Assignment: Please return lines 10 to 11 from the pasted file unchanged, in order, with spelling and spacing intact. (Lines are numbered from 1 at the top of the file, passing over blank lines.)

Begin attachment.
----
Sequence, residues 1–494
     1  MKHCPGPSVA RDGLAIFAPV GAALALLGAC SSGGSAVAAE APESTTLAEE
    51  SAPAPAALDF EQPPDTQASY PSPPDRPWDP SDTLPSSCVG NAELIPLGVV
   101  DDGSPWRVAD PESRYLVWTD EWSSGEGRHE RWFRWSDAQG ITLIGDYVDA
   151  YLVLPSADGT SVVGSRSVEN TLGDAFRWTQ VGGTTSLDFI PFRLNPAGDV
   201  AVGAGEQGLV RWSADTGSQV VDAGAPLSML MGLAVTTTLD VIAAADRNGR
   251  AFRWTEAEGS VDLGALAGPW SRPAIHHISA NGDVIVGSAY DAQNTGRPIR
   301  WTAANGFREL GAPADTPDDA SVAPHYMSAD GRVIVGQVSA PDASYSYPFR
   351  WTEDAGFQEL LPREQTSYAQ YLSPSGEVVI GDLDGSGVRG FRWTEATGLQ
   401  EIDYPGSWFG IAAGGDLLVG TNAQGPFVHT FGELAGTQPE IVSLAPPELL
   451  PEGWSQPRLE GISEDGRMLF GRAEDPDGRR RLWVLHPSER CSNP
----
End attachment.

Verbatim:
   401  EIDYPGSWFG IAAGGDLLVG TNAQGPFVHT FGELAGTQPE IVSLAPPELL
   451  PEGWSQPRLE GISEDGRMLF GRAEDPDGRR RLWVLHPSER CSNP